Sunday, May 31, 2009
I was going to let it go, but I just can't. As I've mentioned before, golfing as a twosome can lead to some questionable pairings with strangers. Yesterday was a case in point. I wouldn't go so far as to apply the O.A.I.(Obnoxious Asshole Index) to this one, but by the end of 18 it was getting close. I would call myself a "glass half full" person. The female half of yesterday's golf twosome was without a doubt a "glass half empty" gal. Let's call her Negative Nancy. A strong believer in positive encouragements, it didn't take more than a couple of holes to realize Negative Nancy did not conform to my philosophy. That's all fine and good, but she just couldn't keep her negative thoughts to herself. She was kind enough to make her critical comments about all of our less than stellar shots, not just her own. And every bloody time. Allow me to quote a few examples: Doug's tee shot lands in the rough just along the tree line. Negative Nancy: "Looks like you won't find that one!" My tee shot lands about a foot past an uphill fairway bunker. Negative Nancy: "You're in the sand for sure!" Her husband lands a long iron next to the pond. Negative Nancy: "It's in the water, I'm pretty sure!" I blow three consecutive chips toward a steep uphill green. Negative Nancy: "It's amazing how many bad shots you can hit in a row!" Well, thanks a lot for all your kind fucking words Nance. It's great golfing with you. Every hole was the same. Even if she had been accurate with her proclamations, it was in bad form. Despite her constant yapping opinion after every shot, we managed to have a pretty good day as the course was a beauty and I was fairly happy with how I scored. Once she realized I was better than her, she was eager to tell me how she didn't bother with scoring anymore. She used to be competitive with herself, but no longer. Made sense to me - she was too busy thinking up discouraging things to say all day. As the course was fairly long, when we started out, I asked her where she would like to tee off. The forward tees were her preference. So, I figured I would do the nice thing and play from them as well. She seemed to appreciate my decision, but it didn't take long for her to tell me -" I'm going to have to make you start teeing off with the men, if you're going to drive it that far." Did she expect me to apologize for hitting some nice drives? So it would seem. Then at around the 17th hole, it occurred to me, we might get stuck with her over drinks and dinner. The course had offered a special green fee and dinner special that we had found appealing at the time. How would we escape her at the 19th hole? In the cart, on the drive between 17 and 18, Doug and I hatched our plan. We'd have a long slow drink before dinner and out wait them to order food. We had a sneaky suspicion they were too cheap to spring for a drink and we were right. So we only had to suffer through 30 minutes or so with Nance and her nice husband (he made it all bearable) and then we were able to enjoy our dinner without her constant critique. Bet her three grown kids are all in therapy because they thought they could never live up to Mommy Dearest's expectations. Or maybe they just ignored her, like I tried to do.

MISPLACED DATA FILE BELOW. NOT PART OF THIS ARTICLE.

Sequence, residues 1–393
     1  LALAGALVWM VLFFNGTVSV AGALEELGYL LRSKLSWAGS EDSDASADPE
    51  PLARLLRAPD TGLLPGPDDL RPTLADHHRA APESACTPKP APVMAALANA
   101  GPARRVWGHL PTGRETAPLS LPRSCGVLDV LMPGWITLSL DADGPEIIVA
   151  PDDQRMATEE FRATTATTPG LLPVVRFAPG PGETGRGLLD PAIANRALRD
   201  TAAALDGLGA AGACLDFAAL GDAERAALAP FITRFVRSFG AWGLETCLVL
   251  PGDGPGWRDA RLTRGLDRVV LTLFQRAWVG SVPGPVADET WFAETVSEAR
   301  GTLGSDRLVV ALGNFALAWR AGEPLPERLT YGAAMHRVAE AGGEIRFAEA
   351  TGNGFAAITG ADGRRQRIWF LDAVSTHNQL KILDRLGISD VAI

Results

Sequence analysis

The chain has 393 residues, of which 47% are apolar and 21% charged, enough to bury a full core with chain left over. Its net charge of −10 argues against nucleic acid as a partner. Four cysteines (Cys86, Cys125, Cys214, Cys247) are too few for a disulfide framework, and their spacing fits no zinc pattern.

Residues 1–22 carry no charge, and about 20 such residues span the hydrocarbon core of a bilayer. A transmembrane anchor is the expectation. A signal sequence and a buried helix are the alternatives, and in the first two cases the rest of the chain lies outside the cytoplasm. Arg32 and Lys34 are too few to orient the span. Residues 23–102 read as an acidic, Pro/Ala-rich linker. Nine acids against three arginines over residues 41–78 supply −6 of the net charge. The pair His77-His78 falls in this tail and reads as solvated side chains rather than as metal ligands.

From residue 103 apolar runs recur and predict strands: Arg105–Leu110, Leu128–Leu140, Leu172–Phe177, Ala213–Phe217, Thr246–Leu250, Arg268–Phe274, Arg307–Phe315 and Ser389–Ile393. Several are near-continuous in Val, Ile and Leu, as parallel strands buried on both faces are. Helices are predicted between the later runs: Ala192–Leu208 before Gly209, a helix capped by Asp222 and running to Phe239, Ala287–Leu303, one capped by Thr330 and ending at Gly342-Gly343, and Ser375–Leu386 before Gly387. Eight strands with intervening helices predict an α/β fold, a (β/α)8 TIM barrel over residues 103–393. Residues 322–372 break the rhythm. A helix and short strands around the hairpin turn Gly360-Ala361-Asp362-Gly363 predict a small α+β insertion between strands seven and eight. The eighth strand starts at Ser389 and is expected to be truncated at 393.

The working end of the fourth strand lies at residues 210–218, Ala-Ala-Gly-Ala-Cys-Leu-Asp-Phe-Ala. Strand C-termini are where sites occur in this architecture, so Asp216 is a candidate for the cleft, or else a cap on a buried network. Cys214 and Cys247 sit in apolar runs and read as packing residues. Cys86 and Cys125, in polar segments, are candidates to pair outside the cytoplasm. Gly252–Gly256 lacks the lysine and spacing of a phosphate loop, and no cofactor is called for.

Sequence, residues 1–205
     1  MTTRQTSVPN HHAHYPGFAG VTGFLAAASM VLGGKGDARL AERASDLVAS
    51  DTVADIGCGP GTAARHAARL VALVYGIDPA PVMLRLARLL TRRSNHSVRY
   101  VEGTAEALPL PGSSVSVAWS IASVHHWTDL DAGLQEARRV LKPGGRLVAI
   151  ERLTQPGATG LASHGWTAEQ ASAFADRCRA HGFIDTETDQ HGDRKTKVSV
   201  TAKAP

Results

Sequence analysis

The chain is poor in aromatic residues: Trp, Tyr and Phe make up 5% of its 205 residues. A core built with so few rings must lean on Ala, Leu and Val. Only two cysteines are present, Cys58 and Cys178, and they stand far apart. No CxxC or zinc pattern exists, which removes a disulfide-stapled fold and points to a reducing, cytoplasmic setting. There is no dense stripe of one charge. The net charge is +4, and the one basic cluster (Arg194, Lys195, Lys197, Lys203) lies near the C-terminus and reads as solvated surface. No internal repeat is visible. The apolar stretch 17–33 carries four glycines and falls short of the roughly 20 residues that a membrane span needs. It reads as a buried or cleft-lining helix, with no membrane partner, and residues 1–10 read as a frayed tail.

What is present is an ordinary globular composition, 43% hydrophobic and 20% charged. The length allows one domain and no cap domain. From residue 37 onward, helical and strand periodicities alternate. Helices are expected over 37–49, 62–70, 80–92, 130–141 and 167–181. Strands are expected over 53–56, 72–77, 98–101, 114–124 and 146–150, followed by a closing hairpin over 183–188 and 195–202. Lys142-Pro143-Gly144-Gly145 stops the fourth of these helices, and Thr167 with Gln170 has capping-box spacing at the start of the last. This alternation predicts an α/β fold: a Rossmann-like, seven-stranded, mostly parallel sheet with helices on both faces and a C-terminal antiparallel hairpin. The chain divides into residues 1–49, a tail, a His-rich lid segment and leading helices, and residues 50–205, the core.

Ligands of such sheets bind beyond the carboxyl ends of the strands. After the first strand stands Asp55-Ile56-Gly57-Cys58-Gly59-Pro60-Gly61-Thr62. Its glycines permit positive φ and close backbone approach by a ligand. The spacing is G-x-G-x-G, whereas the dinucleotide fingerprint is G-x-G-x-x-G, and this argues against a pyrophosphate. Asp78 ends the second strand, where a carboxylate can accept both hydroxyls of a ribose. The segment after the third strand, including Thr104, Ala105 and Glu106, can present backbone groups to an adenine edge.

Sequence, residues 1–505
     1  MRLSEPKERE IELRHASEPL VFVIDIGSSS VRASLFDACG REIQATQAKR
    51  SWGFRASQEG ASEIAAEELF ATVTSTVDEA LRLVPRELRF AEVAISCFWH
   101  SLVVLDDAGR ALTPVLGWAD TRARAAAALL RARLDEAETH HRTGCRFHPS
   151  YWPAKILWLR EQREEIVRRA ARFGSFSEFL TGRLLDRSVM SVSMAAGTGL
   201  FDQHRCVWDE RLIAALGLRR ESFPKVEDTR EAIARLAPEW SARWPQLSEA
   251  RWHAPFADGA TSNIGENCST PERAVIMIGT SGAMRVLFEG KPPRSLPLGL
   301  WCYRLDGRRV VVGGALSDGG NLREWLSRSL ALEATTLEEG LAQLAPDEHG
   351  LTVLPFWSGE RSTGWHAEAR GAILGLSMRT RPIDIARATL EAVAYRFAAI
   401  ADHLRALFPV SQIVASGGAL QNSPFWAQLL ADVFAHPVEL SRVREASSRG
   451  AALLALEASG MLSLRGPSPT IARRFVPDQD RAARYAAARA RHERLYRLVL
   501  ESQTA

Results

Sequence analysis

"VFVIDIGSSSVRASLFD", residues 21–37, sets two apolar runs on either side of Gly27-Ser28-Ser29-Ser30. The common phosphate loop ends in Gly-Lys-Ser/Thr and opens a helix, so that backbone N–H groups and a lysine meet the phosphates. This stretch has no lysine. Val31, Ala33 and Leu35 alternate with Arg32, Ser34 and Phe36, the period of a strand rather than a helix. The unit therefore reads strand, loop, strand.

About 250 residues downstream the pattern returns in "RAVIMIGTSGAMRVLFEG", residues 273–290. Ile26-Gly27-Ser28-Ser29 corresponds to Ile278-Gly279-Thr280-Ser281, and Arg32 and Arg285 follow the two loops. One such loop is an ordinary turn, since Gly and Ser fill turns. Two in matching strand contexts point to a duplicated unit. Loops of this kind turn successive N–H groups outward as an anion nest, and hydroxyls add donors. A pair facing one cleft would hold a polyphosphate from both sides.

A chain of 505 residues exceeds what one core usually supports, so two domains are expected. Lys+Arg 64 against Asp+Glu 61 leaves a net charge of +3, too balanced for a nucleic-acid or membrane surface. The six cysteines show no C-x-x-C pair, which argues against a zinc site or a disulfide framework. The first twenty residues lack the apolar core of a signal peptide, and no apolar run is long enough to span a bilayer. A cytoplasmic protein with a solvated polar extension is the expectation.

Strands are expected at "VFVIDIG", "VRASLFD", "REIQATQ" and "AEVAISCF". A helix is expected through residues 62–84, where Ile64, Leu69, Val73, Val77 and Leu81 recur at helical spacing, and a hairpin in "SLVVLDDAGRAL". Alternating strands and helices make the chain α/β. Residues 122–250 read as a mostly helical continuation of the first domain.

Friday, May 29, 2009
Just finished reading my friend Cindy's take on the whole Veronica vs. Betty issue. (read it - it is really funny www.halifaxbroad.blogspot.com) She is a natural blonde and I am a natural brunette, leaning toward blonde these days with each session of highlights turning me blonder over time. But underneath my false strands of flaxen yellow lies a true brunette at heart. As much as I have attempted to play for the other team over the years, I still know my roots. Is Archie choosing brunette over blonde? Or is the real issue "bitch" over "boring" and nothing at all to do with hair colour? Or is it nothing at all to do with either their hair or their personality, and everything to do with money? Let's face it, the gang from Riverdale are well past their prime now and eventually, they will all have to face the fact that looks don't last forever. I know, I know, in comic book land, everyone stays young forever, but you never know when things may change. Archie wasn't about to take any chances with his fate I reckon and went for the big bank account. No second rate nursing homes for him. He's thinking a nice waterfront home in West Palm Beach, somewhere near the Trump spread, a pricey golf club membership and the best doctors money can buy. He was never the brightest star in the sky, but he was definitely playing with a fuller deck than Jughead. Frankly, I think it's all a conspiracy between Archie and Betty to avoid living a life of mediocrity. Now Betty is free to snag Reggie and both couples can sidle up to the The Donald in Florida. Who cares if Betty is so much nicer? It's like the difference between Scarlett O'Hara and that sappy character played by Olivia de Havilland in Gone With the Wind. Rhett and Ashley may have respected and thought highly of her but they both wanted to boff the bitchy one. What is it about bitchy women that men seem to love so much? They seem to ignite a fire in them that the girl next door just can't stoke. There is nothing so pathetic as witnessing a grown man go all weak-kneed and submissive under the spell of some domineering dame. But it happens all the time, and not just in the funny pages. Let's say however, for the sake of argument, it wasn't about the money and Betty just didn't quite cut it for Archie. "He just wasn't that into her." My question becomes - what makes Archie such a prize? Reggie was better looking. Archie was goofy looking. Why did Veronica even want him? These are serious questions. Think about it. If Betty ends up with Reggie - who really wins in the end? Ladies - am I right? I will admit, I was rooting for Betty and true love,(I'm such a sap for a romantic ending) just because I never liked the evil Veronica. Even though, when I was a kid and we would play act the characters, I always wanted to play Veronica. Same with Gilligan's Island, nobody wanted to be Mary Ann, we all used to fight over who would be Ginger. Who would The Professor have chosen? Would he have gone with his head or his loins? No brainer - he would have picked Ginger. We all know nice girls finish last. But with fewer STD's. There has to be some pay off, after all.